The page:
It keeps surprising me how some countries -especially the Netherlands- seem one step behind, in integrating technology with design, compared to for instance the UK. I’ve seen some trends in the Netherlands that appeared in online articles at the beginning of this year that I’ve already seen implemented and used in the UK almost two years ago. Still some people -particularly those with a know-all attitude- seem to write about it like it’s the latest invention that they’ve discovered. Always raises my eyebrow…
Well I guess that’s correct in a way: it’s
the latest that they’ve discovered, only two years after the fact… Many in the business extensively used it for branding and marketing promotion in the meantime (in the UK that is). I’ve seen so many examples whilst living abroad. Harrods used it in their print campaign to advertise their ‘Design Icons’ exhibition exactly two years ago, in April 2008.The exhibition featured Vivienne Westwood, the fashion designer, and the architect of the new St Pancras International station. Ralph Lauren used it by launching a mobile commerce website along with print advertising, mailers and store windows.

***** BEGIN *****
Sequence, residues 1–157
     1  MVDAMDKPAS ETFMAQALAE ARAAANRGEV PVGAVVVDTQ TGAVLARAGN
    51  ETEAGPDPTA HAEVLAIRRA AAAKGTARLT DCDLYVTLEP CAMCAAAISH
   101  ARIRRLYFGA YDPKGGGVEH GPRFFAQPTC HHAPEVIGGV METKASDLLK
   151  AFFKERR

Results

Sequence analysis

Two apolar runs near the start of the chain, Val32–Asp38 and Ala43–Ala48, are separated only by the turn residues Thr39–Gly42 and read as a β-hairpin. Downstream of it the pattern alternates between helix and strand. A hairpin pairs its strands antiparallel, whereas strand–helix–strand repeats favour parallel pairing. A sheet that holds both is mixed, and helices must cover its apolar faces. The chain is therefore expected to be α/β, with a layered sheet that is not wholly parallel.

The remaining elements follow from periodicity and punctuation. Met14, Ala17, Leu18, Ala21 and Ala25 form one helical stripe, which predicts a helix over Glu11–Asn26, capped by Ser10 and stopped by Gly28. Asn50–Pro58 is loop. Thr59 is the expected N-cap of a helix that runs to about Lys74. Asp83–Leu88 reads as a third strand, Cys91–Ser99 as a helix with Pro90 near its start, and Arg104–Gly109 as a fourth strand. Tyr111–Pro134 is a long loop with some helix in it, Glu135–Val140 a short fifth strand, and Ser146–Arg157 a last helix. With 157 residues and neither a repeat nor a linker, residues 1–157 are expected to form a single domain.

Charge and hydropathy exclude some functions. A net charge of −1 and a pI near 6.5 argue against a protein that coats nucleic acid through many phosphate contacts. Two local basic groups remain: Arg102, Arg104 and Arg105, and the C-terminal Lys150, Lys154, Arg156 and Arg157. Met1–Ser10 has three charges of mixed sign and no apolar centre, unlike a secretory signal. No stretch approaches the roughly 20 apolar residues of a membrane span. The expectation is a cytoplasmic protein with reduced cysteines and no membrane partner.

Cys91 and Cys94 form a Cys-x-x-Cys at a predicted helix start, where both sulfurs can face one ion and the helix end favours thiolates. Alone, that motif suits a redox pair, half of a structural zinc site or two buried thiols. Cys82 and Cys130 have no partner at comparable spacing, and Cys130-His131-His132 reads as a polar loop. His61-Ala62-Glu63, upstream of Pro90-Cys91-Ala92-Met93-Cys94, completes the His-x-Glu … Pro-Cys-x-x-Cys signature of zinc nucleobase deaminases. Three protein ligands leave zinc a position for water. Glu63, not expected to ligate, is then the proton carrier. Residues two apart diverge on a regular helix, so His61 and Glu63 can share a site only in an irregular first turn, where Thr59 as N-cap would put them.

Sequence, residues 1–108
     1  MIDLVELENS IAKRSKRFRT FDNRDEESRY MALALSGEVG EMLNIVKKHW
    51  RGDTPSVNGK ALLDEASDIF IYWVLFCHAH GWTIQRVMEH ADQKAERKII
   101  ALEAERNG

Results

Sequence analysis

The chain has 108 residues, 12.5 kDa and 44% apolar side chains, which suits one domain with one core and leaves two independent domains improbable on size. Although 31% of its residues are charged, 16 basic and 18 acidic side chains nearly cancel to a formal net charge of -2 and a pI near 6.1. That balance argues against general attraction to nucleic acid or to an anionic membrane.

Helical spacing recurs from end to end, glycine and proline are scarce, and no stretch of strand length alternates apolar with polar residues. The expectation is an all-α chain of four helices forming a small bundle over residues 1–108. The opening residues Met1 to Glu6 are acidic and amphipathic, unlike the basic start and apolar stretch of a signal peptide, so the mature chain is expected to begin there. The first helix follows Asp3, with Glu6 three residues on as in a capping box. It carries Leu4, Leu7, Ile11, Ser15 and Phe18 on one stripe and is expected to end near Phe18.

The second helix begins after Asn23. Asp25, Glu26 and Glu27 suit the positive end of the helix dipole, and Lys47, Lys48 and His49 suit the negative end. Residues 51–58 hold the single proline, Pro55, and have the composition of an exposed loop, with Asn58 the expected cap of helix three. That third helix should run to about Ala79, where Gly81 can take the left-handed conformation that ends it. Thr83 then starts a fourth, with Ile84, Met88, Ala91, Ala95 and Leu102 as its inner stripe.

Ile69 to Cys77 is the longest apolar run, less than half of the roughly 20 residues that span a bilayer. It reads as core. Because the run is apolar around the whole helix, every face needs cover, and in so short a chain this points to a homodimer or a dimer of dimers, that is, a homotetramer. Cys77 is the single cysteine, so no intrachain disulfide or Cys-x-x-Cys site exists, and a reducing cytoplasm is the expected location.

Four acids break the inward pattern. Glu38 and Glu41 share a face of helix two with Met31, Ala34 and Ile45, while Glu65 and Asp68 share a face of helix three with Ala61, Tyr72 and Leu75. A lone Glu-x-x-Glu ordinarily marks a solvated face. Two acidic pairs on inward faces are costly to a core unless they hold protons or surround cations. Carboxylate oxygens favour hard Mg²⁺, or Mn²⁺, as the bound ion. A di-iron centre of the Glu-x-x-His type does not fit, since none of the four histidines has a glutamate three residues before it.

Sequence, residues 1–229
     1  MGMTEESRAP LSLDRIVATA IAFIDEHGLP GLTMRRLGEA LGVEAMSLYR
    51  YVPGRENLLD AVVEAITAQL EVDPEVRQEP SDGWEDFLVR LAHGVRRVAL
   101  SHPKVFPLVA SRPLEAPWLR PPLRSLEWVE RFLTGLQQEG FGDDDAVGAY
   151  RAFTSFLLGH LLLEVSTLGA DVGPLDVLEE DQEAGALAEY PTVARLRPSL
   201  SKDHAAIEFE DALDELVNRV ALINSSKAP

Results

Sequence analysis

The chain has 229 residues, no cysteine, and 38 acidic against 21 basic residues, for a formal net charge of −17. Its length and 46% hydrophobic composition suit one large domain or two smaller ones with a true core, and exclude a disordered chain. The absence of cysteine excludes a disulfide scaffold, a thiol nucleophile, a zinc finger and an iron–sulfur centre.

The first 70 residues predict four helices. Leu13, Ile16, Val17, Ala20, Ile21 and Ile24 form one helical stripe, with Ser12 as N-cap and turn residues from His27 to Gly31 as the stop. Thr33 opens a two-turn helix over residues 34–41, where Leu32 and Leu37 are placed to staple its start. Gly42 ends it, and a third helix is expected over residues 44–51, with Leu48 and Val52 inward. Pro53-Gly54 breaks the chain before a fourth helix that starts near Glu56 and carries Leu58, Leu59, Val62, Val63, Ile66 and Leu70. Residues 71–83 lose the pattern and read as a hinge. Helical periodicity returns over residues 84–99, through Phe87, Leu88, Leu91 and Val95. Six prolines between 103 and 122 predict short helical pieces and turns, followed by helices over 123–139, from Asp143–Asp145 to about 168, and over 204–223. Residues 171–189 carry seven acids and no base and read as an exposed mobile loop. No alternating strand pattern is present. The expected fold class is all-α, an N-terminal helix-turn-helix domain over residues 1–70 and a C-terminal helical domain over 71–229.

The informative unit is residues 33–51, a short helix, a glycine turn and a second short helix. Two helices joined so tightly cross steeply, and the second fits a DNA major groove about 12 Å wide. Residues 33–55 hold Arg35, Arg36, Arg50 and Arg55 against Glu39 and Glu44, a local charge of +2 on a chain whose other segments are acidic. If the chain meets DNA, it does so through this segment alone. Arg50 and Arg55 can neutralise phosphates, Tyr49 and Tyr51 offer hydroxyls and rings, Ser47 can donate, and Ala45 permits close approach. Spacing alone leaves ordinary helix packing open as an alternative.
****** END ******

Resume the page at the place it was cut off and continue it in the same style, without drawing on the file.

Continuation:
It caught my eye at the time because it was a clever introduction to the use of a simple technology: a bar code developed in Japan by the Denso corporation in 1994. The corporation is known for developing the QR code, a two-dimensional barcoding system which is particularly prevalent in Japan. While it has been in use in Japan for donkey years, it slowly seems to become a hype on this side of the globe. Mainly used for promotional materials and marketing aiming at the owners of smartphones, since some of these come with built-in QR code readers.
Although I still smell a copycat-rat, I’m eager to see what the code will be used for besides the non-inspiring copied stuff that I’ve seen in the Netherlands so far